No one should start playing a new game without first understanding the rules, yet some businesses exhibit remarkably limited knowledge about marketing’s political-legal environment – the laws and their interpretations that require firms to operate under certain competitive conditions and to protect consumer rights.
No one should start playing a new
game without first understanding the rules, yet some businesses exhibit
remarkably limited knowledge about marketing’s political-legal environment –
the laws and their interpretations that require firms to operate under certain
competitive conditions and to protect consumer rights. Ignorance of laws,
ordinances and regulations or failure to comply with them can result in fines,
embarrassing negative publicity and possibly expensive civil damage suits.
Businesses need considerable
diligence to understand the legal framework for their marketing decisions.
Numerous laws and regulations affect those decisions, many of them vaguely
stated and inconsistently enforced by a multitude of different authorities.
Regulations affect marketing practices, as do the actions of independent
regulatory agencies. These requirement and prohibitions touch on all aspects of
marketing decision making – designing, labeling, packaging, distributing,
advertising and promoting goods and services. To cope with the vast, complex
and changing political-legal environment, many large firms have in-house legal
department; small firms often seek professional advice from legal experts. All
marketers, however, should be aware of the major regulations that affect their
activities. Consumer Protection Act(COPRA), Sale of Goods Act, Contract Act,
Copy Right Act, and others are to be kept in mind while taking decisions.
Some of potential issues from the
political-legal environment to affect businesses include:
Ø The national foreign policy can dominate the international business
decisions of the local firms. EXIM policy and FOREX policy restrict the flow of
goods and monies from India or into India.
Ø The political ideology of the Government can affect the international
brands wanting to enter a market. When Janata Party was in power during 1960s,
,Coco cola was asked to leave our country. After liberalization policy in
1990s, it reentered India. Today MNCs have free entry into our country.
Ø The competitors who work closely with the government can help erect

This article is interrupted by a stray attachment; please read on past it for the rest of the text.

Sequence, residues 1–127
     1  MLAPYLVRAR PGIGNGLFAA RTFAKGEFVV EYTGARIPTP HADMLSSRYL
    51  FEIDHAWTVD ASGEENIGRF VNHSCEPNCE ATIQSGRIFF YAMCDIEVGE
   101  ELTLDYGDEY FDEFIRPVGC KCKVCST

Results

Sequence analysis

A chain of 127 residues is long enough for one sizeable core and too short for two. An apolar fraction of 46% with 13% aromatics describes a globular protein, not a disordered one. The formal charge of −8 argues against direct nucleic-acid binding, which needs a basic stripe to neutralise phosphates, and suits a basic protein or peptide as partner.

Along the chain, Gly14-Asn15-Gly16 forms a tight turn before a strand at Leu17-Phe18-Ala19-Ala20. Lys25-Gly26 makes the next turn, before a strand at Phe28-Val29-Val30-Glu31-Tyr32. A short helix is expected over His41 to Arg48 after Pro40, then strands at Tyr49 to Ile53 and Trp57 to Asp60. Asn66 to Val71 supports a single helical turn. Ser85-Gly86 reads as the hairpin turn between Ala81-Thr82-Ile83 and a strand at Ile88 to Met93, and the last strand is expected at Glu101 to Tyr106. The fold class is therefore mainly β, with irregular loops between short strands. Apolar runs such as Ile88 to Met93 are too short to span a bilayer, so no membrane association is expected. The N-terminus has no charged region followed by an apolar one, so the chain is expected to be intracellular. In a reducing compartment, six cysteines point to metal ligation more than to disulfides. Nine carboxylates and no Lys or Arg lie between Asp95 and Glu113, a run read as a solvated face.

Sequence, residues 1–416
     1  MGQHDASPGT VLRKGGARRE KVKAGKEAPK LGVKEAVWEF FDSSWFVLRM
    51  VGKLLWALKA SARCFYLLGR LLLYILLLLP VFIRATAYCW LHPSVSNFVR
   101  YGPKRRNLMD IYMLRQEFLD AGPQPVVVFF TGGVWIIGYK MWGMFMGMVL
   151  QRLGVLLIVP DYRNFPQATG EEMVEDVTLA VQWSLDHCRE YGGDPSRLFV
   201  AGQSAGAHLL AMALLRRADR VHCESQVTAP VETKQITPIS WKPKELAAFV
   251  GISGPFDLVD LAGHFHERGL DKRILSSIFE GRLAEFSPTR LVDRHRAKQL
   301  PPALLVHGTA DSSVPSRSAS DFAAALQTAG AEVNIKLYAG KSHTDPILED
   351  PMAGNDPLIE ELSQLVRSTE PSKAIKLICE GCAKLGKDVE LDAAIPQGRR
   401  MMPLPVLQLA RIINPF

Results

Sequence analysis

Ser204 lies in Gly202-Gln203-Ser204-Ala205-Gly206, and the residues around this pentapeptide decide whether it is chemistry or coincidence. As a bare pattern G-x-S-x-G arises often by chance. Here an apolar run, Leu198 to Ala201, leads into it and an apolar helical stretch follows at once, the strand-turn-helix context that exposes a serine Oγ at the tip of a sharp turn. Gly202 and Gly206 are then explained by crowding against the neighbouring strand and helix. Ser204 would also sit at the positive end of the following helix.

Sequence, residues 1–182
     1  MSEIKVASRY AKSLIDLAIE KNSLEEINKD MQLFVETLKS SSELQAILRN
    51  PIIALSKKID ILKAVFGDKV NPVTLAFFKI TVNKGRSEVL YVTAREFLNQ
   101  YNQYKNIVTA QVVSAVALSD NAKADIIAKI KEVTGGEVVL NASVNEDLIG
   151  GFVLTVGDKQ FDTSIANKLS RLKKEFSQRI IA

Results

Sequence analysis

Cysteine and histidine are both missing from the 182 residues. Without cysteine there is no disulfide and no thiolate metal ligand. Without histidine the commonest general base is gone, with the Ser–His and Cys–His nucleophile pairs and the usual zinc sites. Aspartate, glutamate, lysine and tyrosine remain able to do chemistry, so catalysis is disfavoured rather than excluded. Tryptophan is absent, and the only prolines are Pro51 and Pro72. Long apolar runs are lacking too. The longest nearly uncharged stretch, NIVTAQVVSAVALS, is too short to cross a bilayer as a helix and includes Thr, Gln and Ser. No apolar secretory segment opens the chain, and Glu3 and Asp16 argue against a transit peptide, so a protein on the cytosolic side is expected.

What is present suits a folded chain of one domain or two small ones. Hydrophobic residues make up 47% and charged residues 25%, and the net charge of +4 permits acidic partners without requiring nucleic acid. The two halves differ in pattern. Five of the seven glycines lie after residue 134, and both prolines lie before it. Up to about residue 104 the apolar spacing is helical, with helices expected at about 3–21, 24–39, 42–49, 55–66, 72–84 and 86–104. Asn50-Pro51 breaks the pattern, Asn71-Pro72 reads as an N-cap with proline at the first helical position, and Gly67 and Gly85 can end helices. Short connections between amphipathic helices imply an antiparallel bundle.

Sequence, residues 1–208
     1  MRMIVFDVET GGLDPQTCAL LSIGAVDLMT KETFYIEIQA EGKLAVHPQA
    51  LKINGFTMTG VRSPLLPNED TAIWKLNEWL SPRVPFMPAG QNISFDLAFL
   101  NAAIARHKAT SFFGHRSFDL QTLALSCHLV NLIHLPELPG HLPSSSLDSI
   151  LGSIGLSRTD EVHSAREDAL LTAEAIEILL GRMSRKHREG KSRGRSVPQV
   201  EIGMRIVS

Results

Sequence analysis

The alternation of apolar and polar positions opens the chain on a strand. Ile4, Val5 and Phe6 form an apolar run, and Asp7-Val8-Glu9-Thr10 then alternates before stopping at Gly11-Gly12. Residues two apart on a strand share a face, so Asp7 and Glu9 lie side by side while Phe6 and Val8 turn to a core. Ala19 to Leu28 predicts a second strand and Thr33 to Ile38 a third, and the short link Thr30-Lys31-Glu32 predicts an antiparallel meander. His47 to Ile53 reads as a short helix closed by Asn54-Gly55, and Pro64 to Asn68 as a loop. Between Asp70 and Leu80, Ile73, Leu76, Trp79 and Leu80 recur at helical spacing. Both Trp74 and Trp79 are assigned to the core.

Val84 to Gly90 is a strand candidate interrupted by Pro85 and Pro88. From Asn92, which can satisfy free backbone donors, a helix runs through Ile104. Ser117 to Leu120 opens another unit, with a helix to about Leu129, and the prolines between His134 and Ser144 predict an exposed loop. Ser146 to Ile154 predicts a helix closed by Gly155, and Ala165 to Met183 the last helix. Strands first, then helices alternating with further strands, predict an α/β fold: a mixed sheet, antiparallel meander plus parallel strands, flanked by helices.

trade barriers for a firm. Reliance could lobby against TATAs when Rajiv Gandhi
was Prime Minister.
Ø Global trade organizations can enforce trade barriers when their
regulations and guidelines are not observed. WTO is now deciding the rules of
game for trade world over.
Ø A host nation may levy anti-dumping duties on a foreign firm and such a
decision may be dominated by the local businesses lobbying with the government.
Ø Copyright infringements, trademark and intellectual property rights
violations. Intellectual Property rights of basmati was contested by India when
USA made claim for it.
Ø Direct comparative advertisements may not be allowed in few countries
Ø Use of children is advertising and advertising to children are banned in
Ø Price regulations preempt any pricing strategy of a firm. Steel industry
is India is subject to price regulation.
Ø A detailed displaying of the ingredients in product labels is mandatory
in most countries. In India, Packaging Acts specify such conditions. The Infant
Milk Substitutes, Feeding Bottles and Infant Foods (Regulation of production,
Supply and Distribution) Act, 1992, The Edible Oils Packaging (Regulation)
Order, 1998 etc govern the packaging decisions.
Ø Industry watch dogs and consumer groups are always on the prowl for any
unethical trade practices. In India consumer associations like Mumbai Grahak
Panchayat,Consumer Guidance Society of India, Common Cause and Voluntary
Organisation in Interest of Consumer Education are active. Also environmentalists
and animal lovers from time to time protest exploitation of nature and animals.
Each one of the above issues has serious
implications for the marketer in his marketing decision making. Ignorance of
the law is no excuse and breaking of the law is an offence.
Tags : MARKETING MANAGEMENT - Marketing Environment
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